In my experience it’s definitely hard enough to find your soul mate, so I think it is only fair that people should be able to date who they want to, after all there are plenty of types of relationships that don’t work for a myriad of different reasons even when people are from the same generation. Maybe these people are just experimental by nature or maybe they are a vanguard for a more open dating culture in the future? Perhaps we should be thanking them for making changing the rules a little bit, after all it frees it up for us too. We might not choose to date someone younger but I for one feel more confident that there is now a culture of younger men appreciating the looks of women my age, (even if it were the case that men of my same age might not) regardless of the fact it is of no practical use to me.

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The Fashion for Body Shaming may be Over! (Or at Least, it is Unfashionable for Now)


I have just read an article about Kathy Griffen, the current co-host of the programme The Fashion Police who has just announced her departure from the show after only a three-month stint. According to the article her reason was:

“Listen, I am no saint…. But I do not want to use my comedy to contribute to a culture of unattainable perfectionism and intolerance towards difference…I want to help women, gay kids, people of colour and anyone who feels underrepresented to have a voice and a LAUGH!”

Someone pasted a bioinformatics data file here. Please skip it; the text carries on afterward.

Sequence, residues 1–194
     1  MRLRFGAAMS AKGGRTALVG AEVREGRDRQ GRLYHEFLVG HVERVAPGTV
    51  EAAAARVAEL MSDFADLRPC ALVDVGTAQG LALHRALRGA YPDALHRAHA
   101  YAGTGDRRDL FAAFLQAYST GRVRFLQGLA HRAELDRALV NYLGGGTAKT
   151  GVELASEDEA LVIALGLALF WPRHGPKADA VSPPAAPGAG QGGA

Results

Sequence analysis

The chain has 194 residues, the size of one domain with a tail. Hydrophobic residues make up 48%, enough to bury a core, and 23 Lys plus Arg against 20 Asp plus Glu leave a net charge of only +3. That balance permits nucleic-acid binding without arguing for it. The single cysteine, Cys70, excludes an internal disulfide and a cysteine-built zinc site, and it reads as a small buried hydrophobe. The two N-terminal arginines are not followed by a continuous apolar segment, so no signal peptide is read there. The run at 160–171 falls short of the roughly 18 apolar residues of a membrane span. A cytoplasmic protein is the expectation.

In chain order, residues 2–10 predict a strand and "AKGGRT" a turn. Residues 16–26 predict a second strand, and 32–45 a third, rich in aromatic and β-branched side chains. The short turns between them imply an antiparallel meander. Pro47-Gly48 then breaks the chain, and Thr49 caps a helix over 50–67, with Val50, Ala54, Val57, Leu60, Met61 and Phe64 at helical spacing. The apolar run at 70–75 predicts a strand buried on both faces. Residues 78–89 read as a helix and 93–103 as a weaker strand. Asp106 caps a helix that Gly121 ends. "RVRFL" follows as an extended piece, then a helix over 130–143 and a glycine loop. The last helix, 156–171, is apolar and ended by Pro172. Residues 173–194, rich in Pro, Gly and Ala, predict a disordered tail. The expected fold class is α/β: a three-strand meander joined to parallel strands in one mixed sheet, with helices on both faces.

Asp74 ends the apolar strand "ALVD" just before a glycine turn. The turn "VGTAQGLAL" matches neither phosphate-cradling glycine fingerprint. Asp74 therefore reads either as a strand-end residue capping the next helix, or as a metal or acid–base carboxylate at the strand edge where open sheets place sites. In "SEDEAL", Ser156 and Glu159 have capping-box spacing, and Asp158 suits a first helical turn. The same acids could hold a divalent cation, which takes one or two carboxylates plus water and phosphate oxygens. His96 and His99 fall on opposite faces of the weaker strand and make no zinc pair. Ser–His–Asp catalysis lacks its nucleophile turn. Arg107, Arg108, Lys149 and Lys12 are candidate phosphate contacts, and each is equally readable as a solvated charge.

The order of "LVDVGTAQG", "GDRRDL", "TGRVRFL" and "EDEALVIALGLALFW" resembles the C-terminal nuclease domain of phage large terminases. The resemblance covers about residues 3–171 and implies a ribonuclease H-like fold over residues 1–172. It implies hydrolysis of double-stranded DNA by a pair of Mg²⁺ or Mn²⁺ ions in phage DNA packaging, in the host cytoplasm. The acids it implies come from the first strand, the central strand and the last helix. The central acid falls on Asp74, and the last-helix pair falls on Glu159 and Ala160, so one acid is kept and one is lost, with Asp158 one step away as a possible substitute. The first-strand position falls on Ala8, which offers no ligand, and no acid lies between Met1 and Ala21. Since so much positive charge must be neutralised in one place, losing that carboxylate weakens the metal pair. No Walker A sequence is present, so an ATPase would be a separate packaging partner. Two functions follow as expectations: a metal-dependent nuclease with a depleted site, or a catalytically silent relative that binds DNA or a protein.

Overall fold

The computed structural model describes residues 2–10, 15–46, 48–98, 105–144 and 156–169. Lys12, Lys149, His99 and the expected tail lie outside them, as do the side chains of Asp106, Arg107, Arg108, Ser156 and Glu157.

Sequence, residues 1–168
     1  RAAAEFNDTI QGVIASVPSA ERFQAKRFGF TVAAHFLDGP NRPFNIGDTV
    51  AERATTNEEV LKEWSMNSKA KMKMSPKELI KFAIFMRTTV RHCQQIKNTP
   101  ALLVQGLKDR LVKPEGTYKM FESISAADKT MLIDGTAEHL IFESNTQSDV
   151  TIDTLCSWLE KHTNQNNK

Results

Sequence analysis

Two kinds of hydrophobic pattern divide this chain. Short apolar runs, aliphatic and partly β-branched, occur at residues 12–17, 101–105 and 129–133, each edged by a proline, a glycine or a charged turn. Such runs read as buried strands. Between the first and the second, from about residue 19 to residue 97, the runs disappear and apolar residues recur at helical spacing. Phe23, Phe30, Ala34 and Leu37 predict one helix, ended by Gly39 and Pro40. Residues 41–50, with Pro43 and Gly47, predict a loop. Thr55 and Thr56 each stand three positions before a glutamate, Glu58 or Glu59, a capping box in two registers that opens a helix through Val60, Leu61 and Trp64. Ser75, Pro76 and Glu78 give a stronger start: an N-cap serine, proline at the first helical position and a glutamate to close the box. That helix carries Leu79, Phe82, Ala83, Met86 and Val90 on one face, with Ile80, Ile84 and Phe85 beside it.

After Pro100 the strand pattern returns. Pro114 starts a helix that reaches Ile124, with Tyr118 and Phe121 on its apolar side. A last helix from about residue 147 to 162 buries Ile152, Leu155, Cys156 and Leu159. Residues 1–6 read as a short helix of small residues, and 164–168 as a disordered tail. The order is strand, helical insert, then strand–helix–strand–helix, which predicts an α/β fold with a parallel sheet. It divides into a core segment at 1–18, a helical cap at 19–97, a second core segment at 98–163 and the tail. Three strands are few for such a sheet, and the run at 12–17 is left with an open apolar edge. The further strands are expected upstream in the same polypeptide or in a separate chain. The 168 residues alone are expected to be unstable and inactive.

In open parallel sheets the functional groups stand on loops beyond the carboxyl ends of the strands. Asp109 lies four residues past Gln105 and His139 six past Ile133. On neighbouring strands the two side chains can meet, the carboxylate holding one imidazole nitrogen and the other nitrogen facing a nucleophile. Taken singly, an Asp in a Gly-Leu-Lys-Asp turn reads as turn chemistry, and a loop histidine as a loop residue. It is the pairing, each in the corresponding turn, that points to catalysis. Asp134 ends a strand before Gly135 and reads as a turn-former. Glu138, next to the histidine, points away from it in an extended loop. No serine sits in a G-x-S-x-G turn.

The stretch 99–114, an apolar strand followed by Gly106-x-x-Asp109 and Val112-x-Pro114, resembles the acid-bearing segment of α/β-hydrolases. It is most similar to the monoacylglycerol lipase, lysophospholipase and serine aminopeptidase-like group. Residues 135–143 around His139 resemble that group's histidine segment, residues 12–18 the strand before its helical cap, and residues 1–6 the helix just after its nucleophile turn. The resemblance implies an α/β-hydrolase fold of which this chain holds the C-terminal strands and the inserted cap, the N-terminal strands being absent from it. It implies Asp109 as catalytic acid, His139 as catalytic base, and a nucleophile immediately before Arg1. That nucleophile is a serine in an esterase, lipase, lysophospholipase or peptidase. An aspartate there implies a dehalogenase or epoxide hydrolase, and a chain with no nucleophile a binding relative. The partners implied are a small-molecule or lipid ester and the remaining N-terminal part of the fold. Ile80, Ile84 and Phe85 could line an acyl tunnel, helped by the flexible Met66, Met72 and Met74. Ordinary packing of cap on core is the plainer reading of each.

Her exit follows hot on the heels of Kelly Osbourne who left in protest over a racist slur made by a co-host about Zendaya Coleman’s dreadlocked hair at the Oscars, which she described as smelling of patchouli oil or weed. I’m no fan of these bitch-celeb reality shows, but I think this is significant even for those who do not watch them.

It struck me that this is something new, people standing up for an appreciation of difference, whether it is regarding body shapes or more widely, race, sexuality or class. I have never come across so many examples such as this or the one concerning fat men dancing, or celebrity outings of pre-photo shopped images recently covered in this blog, where celebrities are willing to stick their heads above the parapet and say enough is enough. It seemed to start in January last year with Cate Blanchett who commented on how her dress was filmed from the floor upwards on the red carpet, something that wouldn’t happen to men. These celebrities are backed by a public that is slowly is surely turning the tables on a thin, white and straight obsessed media; it seems we too have had enough.